Note: This might seem like yet another post about abortion but really it’s not. I’m going to try (and fail) to make some broader points. Points about Mitt Romney, Planned Parenthood, religious freedom and beliefs, the “terrible power” of government, societal control, and so much more. I’ll try to do it with my usual grace, style and aplomb…
Is this like preaching to the choir? I wouldn’t know. I’ve said some of this before and, no doubt, I’ll say some of it again.
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Sometimes there are moments in life that are more memorable than others. Some moments stand out.
On the other hand, there are also moments you can’t remember no matter what, like where you put your car keys last night. I guess I’m going to be late to work.
I remember a moment at my latest job when the conversation turned to religion and I decided enough time had passed and I was secure enough in my position that I could out myself. I revealed my atheism.
The response was not easy to forget. My boss turned to me and said, “Can I ask you a question? Why don’t you kill people?” This from a religious person who I have come to regard as being much less ethical and moral as I am.
It’s a weird world we live in.
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This is a mid-day “I’m at the office” quiki-post spawned (heh!) by something that just ejaculated across my display during my lunch break. Condoms are only 98% effective and in this case my post burst through…
Speaker of the House John Boehner is ragin’. In fact, he was out on the floor of the House sportin’ a boner. Boehner got a boner. See what I did there? God, I’m so clever.
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Living in a small town can have its ups and downs. Besides all of the other pitfalls I’ve mentioned before, you have also got to be careful with your secrets. Unless you are in the majority, it can be unwise to reveal your political party or religious beliefs lest you be ostracized, burned at the stake or you particularly enjoy watching bricks flung through your living room window.
That means I generally keep my atheist status on the down low. There are a lot of God-fearing folk around here. Seven years ago I was even asked by a prospective employer about my religious beliefs. I diverted the question and played it off ambiguously and got the job.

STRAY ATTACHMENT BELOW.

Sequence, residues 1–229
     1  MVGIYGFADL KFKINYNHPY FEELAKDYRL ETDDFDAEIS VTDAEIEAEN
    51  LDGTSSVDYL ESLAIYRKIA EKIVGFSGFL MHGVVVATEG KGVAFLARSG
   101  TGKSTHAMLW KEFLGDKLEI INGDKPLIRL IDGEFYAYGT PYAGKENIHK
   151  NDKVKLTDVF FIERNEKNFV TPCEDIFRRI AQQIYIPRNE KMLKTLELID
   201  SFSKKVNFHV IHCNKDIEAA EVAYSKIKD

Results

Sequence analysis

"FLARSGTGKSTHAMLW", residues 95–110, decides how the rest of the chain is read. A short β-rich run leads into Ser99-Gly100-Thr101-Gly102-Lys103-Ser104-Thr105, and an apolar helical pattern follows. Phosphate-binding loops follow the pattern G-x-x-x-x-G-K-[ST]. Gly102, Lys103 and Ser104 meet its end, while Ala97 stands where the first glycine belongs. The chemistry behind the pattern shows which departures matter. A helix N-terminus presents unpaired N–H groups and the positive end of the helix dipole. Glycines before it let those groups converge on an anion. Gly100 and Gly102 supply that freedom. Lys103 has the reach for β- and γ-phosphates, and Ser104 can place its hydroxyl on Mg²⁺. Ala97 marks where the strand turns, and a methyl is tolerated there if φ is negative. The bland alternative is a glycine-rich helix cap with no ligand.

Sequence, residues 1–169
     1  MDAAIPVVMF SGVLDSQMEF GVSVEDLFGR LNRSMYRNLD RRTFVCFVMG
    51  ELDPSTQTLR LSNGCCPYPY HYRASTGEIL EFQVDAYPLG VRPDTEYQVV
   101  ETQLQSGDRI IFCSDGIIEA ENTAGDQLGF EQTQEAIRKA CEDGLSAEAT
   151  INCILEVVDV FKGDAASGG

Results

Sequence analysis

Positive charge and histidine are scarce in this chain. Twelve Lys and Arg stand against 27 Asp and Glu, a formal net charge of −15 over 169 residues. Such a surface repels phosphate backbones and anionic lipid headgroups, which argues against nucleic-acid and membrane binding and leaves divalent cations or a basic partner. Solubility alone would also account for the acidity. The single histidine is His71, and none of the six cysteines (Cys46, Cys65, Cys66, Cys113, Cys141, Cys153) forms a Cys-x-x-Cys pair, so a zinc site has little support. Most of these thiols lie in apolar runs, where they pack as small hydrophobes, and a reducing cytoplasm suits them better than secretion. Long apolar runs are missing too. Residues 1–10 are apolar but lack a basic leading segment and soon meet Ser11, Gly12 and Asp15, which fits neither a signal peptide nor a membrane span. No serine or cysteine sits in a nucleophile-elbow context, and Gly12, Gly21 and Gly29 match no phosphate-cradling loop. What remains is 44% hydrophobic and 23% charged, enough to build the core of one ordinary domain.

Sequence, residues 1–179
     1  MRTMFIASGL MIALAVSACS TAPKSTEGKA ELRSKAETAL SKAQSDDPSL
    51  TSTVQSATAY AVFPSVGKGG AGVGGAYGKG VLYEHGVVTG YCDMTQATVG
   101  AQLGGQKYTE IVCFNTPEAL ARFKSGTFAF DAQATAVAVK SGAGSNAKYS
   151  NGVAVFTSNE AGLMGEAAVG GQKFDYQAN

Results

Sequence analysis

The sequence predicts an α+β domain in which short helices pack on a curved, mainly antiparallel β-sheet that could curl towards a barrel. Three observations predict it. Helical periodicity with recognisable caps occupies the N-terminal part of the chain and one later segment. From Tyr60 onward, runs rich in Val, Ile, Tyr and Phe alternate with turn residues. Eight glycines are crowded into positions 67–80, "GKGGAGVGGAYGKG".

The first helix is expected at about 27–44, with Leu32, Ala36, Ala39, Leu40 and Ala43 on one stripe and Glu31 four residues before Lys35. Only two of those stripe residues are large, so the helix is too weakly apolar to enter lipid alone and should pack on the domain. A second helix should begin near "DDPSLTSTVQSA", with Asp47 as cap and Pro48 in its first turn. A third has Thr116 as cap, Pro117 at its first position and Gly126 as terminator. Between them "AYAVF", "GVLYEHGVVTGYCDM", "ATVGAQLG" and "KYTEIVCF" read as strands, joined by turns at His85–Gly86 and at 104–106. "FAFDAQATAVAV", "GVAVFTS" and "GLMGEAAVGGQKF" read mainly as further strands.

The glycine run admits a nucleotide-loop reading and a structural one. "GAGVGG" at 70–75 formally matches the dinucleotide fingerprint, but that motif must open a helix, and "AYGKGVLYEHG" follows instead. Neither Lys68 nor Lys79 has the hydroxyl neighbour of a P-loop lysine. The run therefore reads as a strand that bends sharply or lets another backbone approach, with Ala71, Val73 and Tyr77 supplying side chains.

That employer didn’t find out the truth until later. Mwuhahaha!
So the other day I was shooting the shit with the boss and I decided the time was right for a reveal. It was sort of a big deal since he’s very religious. But he’s also a very decent and caring guy and, I think, a critical thinker.
I started things off with a query. “If you had to guess, what do you think my religious beliefs are?” Continue reading →
Trey Parker and Matt Stone have a new Broadway musical coming out. It’s called The Book of Mormon.
To put this in context you need to know who these guys are. They are, among other things, the creators of the South Park cartoon on Comedy Central.
Something tells me that true Mormons are not going to be too thrilled with the Parker and Stone take on Mormonism.
I’m an avowed atheist, something I mention here on the blog from time to time when I feel like it is pertinent or I just feel like drawing attention to myself. (There is decidedly an element of narcissism amongst some of us who blog.)
But it was not always so. I have fond memories of growing up in the Episcopal church. There were good people in our local church and I loved them. Our priest was a young man with a wife and kids and I looked up to him. Heck, not once did he even make a move on me, not even when I was an altar boy.
Growing up in a small town, though, I had a lot of friends who were Mormons. Aside from a few odd rules, like no soda and caffeine, they were a lot like me. And we spent a lot of time at the local Mormon temple. It was probably one of the nicest buildings in town but, more importantly, it also had, by far, the nicest indoor basketball court. We shot a lot of hoops there. I don’t know why, but I never stopped to wonder why our church didn’t have cool stuff like basketball courts.